One more thing from South Korea: U.S. Forces Korea will celebrate the opening of its new headquarters at Camp Humphreys” today, Stars and Stripes reports.
A bit more on the facilities: “The new four-story headquarters building, which has a Korean-style tiled roof, is already operational, but Friday’s ribbon-cutting ceremony will officially mark the transition. It’s near the Eighth Army headquarters, which moved last summer.”
And a bit of history on the move: “The 2004 relocation agreement was supposed to be implemented by 2008 but was pushed back to 2012, then 2016 due to construction and quality control issues that plagued the mostly South Korean-funded $11 billion expansion of Camp Humphreys. The military finally stopped giving deadlines, saying the move would be conditions-based.” More of that, with quite a bit of history, here.

For Afghanistan, current Joint Special Operations Command’s Lt. Gen. Scott Miller was confirmed Thursday as the new commander of the Afghanistan war in a voice vote by the Senate Armed Services Committee, CQ/Roll Call’s John Donnelly reported on Twitter.

ICYMI: China is expanding its military presence in Africa, adding counter-piracy and counterterrorism services to potential client states, CNBC reported this week from the first-ever China-Africa Defense and Security Forum in Beijing.

Journalists gunned down in Maryland newsroom. Five people — two reporters, two editors, and a sales assistant — died in shotgun blasts Thursday as a gunman with a grudge walked through the Annapolis offices of the Capital Gazette.
Thursday’s attack was the 11th mass shooting in the United States in the past year, and brought the toll in such attacks to 138 dead and 613 wounded. “For a country that has grown numb to mass shootings, this was a new front,” The New York Times reports. “Schools have become a frequent target, with college students on down to kindergartners falling victim. A movie theater was shot up. Churches, too. But this was a rare attack on a news organization, one of the oldest in America, which dates its roots back to the 1700s and boasts on its website that it once fought the stamp tax that helped give rise to the American Revolution.”
Police were promptly dispatched to media offices across the country in the immediate aftermath of the attack. The New York Police Department described its deployments as “a standard practice to shift resources strategically during active shooter or terrorist events.”
It’s almost water to fish at this point, but several high-profile figures have used inflammatory rhetoric against the media recently, including POTUS, who in February called the “Fake News media” an “enemy of the people.” There are plenty more instances of the president of the United States verbally (and in Twitter video form) attacking the American press.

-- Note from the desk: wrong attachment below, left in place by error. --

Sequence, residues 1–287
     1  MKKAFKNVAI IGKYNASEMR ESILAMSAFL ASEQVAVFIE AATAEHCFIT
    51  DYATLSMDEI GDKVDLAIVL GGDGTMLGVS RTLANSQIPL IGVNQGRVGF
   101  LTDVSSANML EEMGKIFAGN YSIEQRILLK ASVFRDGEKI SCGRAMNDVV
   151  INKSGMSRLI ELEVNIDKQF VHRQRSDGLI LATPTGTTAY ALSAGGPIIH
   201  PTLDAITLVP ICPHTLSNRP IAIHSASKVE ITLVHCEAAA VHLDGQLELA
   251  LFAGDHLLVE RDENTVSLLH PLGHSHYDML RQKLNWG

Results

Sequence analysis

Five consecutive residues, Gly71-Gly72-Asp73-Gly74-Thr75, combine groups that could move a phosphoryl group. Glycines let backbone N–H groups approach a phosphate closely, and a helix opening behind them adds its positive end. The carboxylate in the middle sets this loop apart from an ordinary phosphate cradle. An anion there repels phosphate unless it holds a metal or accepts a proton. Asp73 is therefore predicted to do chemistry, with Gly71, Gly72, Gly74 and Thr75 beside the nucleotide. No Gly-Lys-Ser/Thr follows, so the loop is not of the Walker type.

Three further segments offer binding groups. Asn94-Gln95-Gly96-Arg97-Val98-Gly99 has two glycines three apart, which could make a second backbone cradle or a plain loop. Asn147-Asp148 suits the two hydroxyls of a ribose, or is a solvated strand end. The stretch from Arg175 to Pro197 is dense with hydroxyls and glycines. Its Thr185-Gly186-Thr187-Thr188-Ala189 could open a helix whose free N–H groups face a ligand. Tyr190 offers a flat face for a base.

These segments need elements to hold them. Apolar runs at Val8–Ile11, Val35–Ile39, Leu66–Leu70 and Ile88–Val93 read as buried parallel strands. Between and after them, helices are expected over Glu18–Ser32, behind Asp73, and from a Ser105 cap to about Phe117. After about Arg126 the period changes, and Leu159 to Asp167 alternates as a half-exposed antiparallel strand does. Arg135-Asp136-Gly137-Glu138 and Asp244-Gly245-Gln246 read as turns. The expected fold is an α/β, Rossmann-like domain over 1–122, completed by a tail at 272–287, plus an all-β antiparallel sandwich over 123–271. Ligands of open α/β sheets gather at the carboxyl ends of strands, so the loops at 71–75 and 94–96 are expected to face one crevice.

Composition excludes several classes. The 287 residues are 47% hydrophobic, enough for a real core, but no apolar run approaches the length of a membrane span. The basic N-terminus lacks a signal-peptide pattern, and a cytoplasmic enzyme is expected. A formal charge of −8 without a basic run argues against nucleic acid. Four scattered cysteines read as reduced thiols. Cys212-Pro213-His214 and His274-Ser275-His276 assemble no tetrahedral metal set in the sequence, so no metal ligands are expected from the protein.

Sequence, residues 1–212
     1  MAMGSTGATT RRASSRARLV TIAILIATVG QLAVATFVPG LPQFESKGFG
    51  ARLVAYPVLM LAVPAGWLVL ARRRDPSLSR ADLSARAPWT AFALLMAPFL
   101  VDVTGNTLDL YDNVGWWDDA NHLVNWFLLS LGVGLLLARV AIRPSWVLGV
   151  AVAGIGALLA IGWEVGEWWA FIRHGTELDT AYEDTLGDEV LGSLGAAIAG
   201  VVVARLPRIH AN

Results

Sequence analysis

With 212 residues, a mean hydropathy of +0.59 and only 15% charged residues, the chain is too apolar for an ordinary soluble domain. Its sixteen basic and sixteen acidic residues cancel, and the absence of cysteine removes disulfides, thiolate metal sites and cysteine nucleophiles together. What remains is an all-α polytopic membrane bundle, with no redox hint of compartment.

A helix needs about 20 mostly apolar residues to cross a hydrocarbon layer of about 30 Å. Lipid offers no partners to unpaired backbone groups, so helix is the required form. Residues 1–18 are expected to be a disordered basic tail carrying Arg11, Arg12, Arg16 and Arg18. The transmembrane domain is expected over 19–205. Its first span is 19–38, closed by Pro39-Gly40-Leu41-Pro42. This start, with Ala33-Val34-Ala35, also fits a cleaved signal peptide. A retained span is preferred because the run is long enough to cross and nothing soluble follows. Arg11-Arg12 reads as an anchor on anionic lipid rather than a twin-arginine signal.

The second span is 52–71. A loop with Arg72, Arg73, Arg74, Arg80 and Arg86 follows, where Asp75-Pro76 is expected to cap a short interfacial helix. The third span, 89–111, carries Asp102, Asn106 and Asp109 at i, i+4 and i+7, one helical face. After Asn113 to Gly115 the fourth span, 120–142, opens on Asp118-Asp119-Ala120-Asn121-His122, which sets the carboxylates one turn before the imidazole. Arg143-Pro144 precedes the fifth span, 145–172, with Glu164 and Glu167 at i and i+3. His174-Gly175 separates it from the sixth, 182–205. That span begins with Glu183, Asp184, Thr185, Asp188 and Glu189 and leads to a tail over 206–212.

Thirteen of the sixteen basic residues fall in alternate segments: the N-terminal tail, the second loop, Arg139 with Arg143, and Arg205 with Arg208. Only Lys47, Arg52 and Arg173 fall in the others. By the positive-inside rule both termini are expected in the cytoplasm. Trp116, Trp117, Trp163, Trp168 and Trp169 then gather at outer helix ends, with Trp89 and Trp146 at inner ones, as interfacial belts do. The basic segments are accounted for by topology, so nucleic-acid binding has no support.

Extra reading: Defense One’s Kevin Baron has written about how the president’s disparagement of the press puts reporters — and their mission — at risk.
Onward: The surviving Capital Gazette staff put out a newspaper today. The opinion page is blank, save for the names of their dead colleagues, and this: “Tomorrow this page will return to its steady purpose of offering our readers informed opinion about the world around them, that they might be better citizens.”

Meanwhile: Protests in DC and beyond. People from at least 48 states converged on Washington this week for several protests of the now-suspended Trump administration policy of separating families at the U.S.-Mexico border. On Thursday, 575 protestors were arrested in the Hart Senate Office Building after they chanted “Abolish ICE” and refused to leave.  
A prelude to more? “Thousands of demonstrators are expected to descend on Lafayette Square on Saturday in a protest calling for the end of family detentions and the return of the at least 2,500 children who were separated from their parents at the southern border. Organizers of the D.C. rally said similar protests will take place in 351 congressional districts across the country.” Washington Post, here.

Finally this week: Help the U.S. Army with its new slogan, Sgt. Maj. of the Army Daniel Dailey said Monday. Dailey wants the new one to connect in some way to two distinct groups of people, Military.com reported Monday. And those are “18-to-24 year olds and influencers in [recruits’] lives such as parents and older relatives.”
Out: “Army strong.”
In: Who knows? Just not the last one, “Army of one,” or the one before that, “Be all you can be,” Task & Purpose reminds us.
But that’s where you can step in and submit your ideas to us — since we can’t seem to locate an option taking submissions on behalf of the service. Email your pitches to the-d-brief@defenseone.com, and if we get enough inoffensive ones, we’ll share them here.